I’m still coming down from Cloud 9 thinking about our showjumping lesson Saturday, which took place in a beautiful jump field in Southern Pines.
Walking Foster from the barn to the field, it was obvious that he was amped. He couldn’t wait to get started, and refused to be distracted by the busy road or the scary tarp jump. Bobby watched us warm up so he could check out my position and Foster’s way of going. Immediately he picked up on the fact that Foster gets a bit overbent and hollow going right, and therefore is harder to bend left- yes, yes, and more yes. So we talked about riding him more straight to the right and really asking for the left bend. I was shocked to hear that he liked my own position a lot and thought I was solid with my legs, but throughout the lesson did ask that I keep a very light seat if I was going to sit.
Without losing time we moved straight into the gymnastics. At first it was just a small fence with a placing pole, and Foster wanted to play a bit with all that energy- I think he was just so happy to be out and doing it all again! But the small fence quickly progressed into a full gymnastic, that was slowly built up to a placing pole/vertical/onstride/cavaletti oxer/one stride/oxer/one stride/cavaletti bounce/one stride/vertical/placing pole. Each time I was directed to halt at the end, and at first this was difficult, but we were able to make it happen more and more easily as the lesson progressed.
Through the gymnastic we talked about where to check him as he tried to rush through, how to get that halt at the end, and fixing a right drift that kept creeping in through the middle of the exercise.
After getting a really good go through the final gymnastic we moved on to single fences/courses. Of course I decided to show off my love for chippy distances the very first thing, but the re-approach was much better.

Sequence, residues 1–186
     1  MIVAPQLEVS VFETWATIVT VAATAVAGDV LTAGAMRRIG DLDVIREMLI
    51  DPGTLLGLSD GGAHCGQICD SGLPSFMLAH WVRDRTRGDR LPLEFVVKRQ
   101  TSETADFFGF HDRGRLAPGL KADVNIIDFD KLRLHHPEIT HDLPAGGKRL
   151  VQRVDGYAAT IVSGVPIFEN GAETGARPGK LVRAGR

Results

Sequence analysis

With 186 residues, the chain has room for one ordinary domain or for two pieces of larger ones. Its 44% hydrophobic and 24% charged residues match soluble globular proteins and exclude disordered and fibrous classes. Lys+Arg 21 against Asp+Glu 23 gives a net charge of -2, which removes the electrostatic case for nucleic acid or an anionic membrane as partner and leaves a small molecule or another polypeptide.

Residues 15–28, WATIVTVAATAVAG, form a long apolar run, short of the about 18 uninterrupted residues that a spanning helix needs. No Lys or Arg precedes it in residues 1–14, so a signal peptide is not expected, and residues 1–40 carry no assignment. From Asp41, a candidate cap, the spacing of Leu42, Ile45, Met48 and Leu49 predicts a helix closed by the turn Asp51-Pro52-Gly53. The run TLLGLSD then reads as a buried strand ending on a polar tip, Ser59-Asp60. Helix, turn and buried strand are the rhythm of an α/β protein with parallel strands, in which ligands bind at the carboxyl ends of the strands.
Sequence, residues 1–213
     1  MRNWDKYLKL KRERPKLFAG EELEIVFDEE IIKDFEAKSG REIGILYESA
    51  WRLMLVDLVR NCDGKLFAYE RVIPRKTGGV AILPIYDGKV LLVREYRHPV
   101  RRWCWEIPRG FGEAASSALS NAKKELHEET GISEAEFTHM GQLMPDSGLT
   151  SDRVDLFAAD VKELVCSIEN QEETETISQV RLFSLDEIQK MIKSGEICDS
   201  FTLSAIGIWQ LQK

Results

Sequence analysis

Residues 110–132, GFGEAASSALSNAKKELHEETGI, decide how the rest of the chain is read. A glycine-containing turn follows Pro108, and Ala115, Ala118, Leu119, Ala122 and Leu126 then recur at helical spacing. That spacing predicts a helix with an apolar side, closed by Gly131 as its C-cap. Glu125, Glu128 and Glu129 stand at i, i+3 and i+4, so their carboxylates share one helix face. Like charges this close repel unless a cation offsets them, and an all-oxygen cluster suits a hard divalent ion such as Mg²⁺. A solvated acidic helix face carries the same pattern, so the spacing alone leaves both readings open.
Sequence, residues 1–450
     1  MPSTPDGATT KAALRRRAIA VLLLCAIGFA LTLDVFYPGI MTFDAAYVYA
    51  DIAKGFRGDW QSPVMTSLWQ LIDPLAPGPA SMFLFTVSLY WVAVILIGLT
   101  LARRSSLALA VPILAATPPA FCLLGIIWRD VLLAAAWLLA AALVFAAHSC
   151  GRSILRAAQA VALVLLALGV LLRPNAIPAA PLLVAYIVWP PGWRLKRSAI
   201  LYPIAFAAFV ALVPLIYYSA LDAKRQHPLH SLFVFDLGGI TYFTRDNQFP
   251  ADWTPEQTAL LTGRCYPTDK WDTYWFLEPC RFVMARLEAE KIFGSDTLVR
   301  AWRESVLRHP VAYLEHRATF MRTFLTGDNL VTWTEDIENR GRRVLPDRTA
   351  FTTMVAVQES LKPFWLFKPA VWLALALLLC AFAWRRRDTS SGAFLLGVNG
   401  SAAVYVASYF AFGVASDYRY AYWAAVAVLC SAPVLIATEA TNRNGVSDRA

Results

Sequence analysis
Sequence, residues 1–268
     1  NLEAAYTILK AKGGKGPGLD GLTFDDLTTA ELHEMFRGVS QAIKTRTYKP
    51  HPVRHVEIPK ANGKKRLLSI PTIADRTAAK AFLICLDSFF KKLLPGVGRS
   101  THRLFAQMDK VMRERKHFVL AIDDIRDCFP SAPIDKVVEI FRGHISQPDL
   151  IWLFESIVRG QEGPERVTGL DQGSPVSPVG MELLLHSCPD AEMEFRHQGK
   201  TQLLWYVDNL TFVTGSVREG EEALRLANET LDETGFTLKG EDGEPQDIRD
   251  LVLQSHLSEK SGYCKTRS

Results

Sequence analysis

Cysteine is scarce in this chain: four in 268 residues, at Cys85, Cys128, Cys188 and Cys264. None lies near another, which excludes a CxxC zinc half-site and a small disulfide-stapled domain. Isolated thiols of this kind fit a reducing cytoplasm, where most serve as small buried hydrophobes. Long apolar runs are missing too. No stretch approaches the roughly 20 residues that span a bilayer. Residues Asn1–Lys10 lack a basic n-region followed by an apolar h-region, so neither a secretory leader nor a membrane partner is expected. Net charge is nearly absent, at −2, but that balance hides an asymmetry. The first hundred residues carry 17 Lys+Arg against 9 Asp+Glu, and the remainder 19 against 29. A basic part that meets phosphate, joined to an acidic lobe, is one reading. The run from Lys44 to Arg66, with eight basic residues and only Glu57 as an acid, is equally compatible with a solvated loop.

Because of my last lesson doing everything with bend, I was initially inclined to put the first fence on a circle. But Bobby noted that he looked like he was actually caught off balance when I did so, and preferred that I ride straight lines for now to allow Foster a chance to balance himself and get his shoulders square. He did say that there is a time and a place for riding with a lot of bend, and often that was for teaching the horse to land on the correct lead (as we were doing in that lesson).
Much of the conversation that we had was about the pace, and that before the fence I could add to or maintain the pace/canter, but was never to hold for the spot. Focusing on the canter also stopped me from pumping as much, or “making any big move” before the fence as Bobby put it, that would throw Foster off balance by distracting him. Another point he made was in talking about those fences course designers love, the lonely single with the long approach. He said though it’s tempting, do not even think about a distance until you are four strides out. Instead, think about the quality of the canter until you get much closer.
At the end of the lesson I asked if I could retry the skinny gate, since I’d been having a hard time finding a distance to it, and was so happy when he sailed over from the perfect spot. This lesson was huge for both Foster and I’s confidence, and all in all he felt like a showjumping machine. I do see plenty of things for myself to work on, such as folding at the hips and maintaining a light seat, but for not having jumped so much this year I’m pretty pleased with where we are now.
Tomorrow- sadly no video, but we’ll discuss the XC lesson!